Wednesday, December 31, 2014

Guest List Week 2014: Gene's Top 15

It's the triumphant return of Guest List Week!  Every day from now until I run out of lists, we'll take a look at 2014 through the eyes of people who are not me.  (My list, if you missed it, is here).  I'm lucky that my friends have such uniformly exquisite taste in music. 

Today, live from Nigeria (and soon to be live from Pakistan), it's Gene Novikov!  Gene's 2013 Guest List is here, his 2014 Guest List is below.

15. Bishop Allen – “Start Again.”  

Lights Out didn’t quite have the oomph of Grr… or The Broken String, at least for me, but I did really dig this catchy little tune, and particularly the contrast between the synthy soundscape and the jangly guitar that propels the song forward.

14. Jeremy Messersmith – “Steve.” 

Because, I mean, come on.

13. Owen Pallett – “Song for Five & Six.” 

Pallett’s hardest-driving song to date, opening with a gorgeous vocal melody and progressing to an absolutely soaring arrangement of violins and cascading keys. If you’ve previously thought Pallett’s stuff was sort of almost there, pop-music-wise, this might be your entry point.

12. The Rural Albert Advantage – “Vulcan, AB.” 

One of the reasons I love these guys is that their quieter songs often pack just as much punch as the jaunty singles. Here’s a case in point, beautiful and melancholy; I only wish it were longer.

11. Together Pangea – “Badillac.” 

Generally speaking this band can safely be categorized under “not my thing,” but there’s something about this shambling rock song that really caught my ear – particularly that triumphant shouty refrain.

10. The Apache Relay – “Katie Queen of Tennessee.” 

Like Blondfire's "Waves" last year, here’s a song that plays to seemingly my every predilection. Swooping violins? Check. Propulsive 4:4 shuffle? Yup. Rousing, wordy sing-along chorus? Roger that. Thanks, guys!

9. Royskopp & Robyn – “Every Little Thing.” 

Wish Robyn would hurry up and record another actual album, but this thing’s shimmering, metallic menace will hold me over nicely. Love Robyn’s vocals here, with what may seem at first blush like vamping instead integrating perfectly into the melody.

8. Generationals – “Black Lemon.” 

These guys’ previous project, The Eames Era, is one of my all-time favorite bands, seemingly incapable of producing a bad or even mediocre song. Generationals is more prolific but also more uneven – the last couple of albums have had more misses than hits, by my count. But when they nail it, they nail it, and here they most certainly nail it.

7. Katy B – “5 AM.” 

Not at all surprised to learn that Katy B has an honest-to-goodness college degree in pop music composition. This seemingly frivolous, radio-friendly single is just impeccably orchestrated, with stabbing synths and Phil-Spector-y girl-group backing vocals complementing an irresistible combo of hooks.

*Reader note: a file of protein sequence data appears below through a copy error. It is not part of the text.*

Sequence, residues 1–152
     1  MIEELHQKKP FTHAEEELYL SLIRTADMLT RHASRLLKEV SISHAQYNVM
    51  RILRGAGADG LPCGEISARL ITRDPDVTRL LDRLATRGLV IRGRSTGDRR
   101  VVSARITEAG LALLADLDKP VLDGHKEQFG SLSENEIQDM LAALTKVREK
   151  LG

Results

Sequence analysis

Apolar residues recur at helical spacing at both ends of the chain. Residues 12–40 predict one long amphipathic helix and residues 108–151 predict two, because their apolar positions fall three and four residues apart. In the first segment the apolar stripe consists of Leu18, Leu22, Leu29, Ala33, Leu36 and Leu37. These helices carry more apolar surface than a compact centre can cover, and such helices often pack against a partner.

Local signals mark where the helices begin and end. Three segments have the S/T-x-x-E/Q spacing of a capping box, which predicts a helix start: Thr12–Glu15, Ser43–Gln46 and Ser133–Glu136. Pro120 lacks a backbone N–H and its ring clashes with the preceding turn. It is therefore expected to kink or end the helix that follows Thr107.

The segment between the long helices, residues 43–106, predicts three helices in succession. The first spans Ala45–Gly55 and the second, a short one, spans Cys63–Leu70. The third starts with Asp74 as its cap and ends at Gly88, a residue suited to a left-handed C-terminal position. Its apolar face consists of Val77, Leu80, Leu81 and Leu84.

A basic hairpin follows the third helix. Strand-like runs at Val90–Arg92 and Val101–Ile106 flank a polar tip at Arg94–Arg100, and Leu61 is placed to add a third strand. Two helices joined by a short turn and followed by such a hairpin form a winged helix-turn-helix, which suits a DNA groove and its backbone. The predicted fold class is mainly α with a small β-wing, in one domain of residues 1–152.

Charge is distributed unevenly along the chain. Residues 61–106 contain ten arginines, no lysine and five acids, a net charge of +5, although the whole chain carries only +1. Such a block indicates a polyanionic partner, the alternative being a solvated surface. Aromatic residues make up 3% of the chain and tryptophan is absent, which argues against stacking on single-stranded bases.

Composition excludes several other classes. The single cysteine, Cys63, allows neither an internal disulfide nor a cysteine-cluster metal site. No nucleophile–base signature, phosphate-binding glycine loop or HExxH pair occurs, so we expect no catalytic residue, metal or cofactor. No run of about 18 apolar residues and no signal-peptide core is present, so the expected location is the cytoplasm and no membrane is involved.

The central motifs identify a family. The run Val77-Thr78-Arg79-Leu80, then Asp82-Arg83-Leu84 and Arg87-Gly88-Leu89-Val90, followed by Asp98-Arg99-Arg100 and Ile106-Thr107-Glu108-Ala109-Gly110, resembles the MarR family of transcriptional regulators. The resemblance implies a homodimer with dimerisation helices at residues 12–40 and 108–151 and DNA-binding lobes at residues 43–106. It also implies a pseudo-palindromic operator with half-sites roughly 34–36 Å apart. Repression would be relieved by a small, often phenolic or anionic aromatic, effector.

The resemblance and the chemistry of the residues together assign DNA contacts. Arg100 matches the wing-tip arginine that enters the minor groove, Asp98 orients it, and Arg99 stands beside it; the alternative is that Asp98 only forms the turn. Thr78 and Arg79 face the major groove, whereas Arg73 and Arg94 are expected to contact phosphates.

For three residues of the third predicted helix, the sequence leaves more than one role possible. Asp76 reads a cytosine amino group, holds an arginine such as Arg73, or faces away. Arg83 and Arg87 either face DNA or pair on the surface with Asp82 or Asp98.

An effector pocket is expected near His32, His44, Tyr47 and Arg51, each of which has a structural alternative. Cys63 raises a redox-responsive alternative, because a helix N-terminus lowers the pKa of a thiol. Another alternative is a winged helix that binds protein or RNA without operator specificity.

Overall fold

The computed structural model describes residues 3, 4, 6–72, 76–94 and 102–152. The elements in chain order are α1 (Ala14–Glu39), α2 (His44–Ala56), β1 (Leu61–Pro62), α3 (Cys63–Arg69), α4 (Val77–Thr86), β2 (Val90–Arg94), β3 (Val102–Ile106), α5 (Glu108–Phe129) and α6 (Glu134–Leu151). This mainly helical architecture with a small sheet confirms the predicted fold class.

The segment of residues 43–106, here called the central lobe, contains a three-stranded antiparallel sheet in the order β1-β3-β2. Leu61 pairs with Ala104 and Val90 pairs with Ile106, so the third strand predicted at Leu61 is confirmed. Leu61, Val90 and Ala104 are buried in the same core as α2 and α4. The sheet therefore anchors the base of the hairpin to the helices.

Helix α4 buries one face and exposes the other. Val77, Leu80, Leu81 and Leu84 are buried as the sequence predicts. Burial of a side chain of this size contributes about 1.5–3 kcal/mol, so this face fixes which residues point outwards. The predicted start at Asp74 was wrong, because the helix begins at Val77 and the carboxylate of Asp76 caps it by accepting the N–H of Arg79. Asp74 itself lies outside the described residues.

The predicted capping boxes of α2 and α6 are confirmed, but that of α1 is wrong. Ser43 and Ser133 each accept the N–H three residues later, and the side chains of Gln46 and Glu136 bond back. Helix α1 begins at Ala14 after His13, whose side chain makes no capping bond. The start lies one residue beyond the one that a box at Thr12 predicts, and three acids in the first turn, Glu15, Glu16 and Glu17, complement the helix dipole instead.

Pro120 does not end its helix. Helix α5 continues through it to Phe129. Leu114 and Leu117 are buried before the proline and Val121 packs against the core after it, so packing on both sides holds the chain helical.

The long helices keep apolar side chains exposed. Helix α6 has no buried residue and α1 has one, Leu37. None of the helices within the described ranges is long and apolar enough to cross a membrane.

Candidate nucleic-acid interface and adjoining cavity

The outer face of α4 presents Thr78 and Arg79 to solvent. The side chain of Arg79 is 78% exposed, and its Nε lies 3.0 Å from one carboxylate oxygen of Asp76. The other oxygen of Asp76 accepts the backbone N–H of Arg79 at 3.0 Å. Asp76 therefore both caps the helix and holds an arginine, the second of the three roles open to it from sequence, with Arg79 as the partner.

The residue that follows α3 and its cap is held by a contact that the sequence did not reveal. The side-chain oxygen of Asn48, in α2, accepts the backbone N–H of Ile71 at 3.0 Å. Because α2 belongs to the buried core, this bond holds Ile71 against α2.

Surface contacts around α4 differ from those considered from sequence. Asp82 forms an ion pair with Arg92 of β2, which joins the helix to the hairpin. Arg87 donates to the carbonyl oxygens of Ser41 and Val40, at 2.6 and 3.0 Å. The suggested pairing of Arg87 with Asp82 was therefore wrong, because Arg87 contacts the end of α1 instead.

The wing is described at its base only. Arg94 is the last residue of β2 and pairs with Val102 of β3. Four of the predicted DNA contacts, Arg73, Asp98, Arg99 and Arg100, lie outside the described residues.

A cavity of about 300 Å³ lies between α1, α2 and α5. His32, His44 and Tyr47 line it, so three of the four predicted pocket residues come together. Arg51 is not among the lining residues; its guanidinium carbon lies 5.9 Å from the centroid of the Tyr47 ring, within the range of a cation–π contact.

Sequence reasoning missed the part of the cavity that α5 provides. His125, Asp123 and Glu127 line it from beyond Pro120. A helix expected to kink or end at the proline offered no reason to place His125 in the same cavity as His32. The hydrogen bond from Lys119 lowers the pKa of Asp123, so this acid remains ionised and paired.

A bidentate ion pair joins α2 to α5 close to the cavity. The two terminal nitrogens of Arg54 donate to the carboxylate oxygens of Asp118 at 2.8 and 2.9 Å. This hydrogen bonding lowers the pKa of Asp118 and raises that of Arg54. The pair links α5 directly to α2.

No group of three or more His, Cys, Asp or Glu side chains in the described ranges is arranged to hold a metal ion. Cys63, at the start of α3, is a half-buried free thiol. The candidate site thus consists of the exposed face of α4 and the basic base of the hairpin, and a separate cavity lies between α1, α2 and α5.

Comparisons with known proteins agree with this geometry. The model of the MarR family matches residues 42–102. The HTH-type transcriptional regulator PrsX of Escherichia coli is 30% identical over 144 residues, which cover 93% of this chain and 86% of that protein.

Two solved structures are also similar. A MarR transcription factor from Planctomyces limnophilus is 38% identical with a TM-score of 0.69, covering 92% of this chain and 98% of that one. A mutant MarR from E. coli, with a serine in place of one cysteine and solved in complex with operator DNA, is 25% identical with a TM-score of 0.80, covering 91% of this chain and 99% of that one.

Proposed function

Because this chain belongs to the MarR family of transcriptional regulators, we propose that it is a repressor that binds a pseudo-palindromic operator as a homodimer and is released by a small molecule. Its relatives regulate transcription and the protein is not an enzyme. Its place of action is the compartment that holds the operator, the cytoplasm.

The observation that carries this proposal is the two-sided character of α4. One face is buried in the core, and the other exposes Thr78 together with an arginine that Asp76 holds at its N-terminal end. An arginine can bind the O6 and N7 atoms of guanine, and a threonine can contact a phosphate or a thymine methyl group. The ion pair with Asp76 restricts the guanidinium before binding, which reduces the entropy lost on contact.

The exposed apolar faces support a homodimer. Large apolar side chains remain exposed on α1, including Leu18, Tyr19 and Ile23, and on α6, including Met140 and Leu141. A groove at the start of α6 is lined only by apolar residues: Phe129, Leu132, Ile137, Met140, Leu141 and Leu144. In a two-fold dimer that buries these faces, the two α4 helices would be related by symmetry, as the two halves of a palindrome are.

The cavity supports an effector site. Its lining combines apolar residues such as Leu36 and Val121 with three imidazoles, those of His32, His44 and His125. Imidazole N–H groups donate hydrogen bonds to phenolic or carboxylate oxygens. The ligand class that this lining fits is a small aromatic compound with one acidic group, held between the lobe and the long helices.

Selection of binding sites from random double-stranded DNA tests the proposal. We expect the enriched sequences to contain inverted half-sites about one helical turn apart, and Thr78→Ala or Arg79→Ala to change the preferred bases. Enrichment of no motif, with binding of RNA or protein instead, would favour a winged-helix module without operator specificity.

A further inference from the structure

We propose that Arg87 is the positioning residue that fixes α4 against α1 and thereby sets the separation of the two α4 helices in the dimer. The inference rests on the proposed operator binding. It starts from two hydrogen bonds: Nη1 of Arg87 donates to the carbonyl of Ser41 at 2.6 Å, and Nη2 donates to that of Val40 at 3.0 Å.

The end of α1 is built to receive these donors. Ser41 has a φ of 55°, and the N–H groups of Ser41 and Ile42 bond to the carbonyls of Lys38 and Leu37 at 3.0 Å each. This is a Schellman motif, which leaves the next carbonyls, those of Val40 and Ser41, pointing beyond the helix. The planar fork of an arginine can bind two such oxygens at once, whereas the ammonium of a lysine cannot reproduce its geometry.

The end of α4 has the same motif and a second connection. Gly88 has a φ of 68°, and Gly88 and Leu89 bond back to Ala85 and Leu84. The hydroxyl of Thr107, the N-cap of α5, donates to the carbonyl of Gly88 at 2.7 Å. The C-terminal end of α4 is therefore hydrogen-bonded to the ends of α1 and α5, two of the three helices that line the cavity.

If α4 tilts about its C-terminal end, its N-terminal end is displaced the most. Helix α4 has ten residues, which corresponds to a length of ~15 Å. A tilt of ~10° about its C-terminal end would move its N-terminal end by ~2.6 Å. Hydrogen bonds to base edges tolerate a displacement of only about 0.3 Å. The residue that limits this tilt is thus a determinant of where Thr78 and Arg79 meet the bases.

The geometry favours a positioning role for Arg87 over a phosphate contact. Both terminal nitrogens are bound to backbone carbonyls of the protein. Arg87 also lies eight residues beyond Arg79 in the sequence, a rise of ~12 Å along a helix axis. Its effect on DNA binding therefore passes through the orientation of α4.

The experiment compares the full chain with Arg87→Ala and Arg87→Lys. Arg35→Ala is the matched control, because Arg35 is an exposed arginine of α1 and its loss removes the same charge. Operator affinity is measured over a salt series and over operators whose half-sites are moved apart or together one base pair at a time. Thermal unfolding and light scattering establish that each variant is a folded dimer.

6. Conor Oberst – “Artifact #1.” 

Ho hum, another terrific album from Oberst in one of his many incarnations. What got me here is the acoustic guitar seemingly trying to wrestle the melody away from Oberst himself. I know he’s yesterday’s news to many, but I’m constantly agog at this dude’s consistency and versatility.

5. La Roux – “Sexotheque.” 

This song is idiotic. And I spent much of the second half of 2014 humming it under my breath.

4. The Pains of Being Pure at Heart – “Simple and Sure.”  

That's about right, actually. Is there a term for a song that describes itself?

3. Tennis – “Never Work for Free.” 

This is sort of a throwback-y She & Him-like number except… I dunno… better. I mean, that chorus is pretty undeniable, isn’t it? I’m pretty disappointed this song and album got precisely zero attention this year – does no one care about this sort of straight-ahead earworm anymore?

2. Marina and the Diamonds – “Happy.” 

Marina is hands-down my favorite of this new crop of divas we’re presently inundated with, mostly because of her interesting voice (lush and husky) and unerring melodic instinct. When was the last time someone delivered an unadorned piano ballad this immediately compelling? In a saner world this would top the Billboard charts for months.

1. The New Pornographers – “Champions of Red Wine.” 

My favorite song of the decade, really, and the culmination of Carl Newman’s gradual move from angular, inscrutable guitar pop to a style more lyrically straightforward and musically complex. This is probably the most comprehensible NPs song ever, and perhaps the most beautiful – some days the contrast between the bittersweet and mournful verses and the simple declarative chorus chokes me up. And when, at the end, the rest of the band suddenly joins Neko on “we’re coming over” – and the plinking synths respond – it’s a moment that kind of defines why I listen to music, if that makes any sense.

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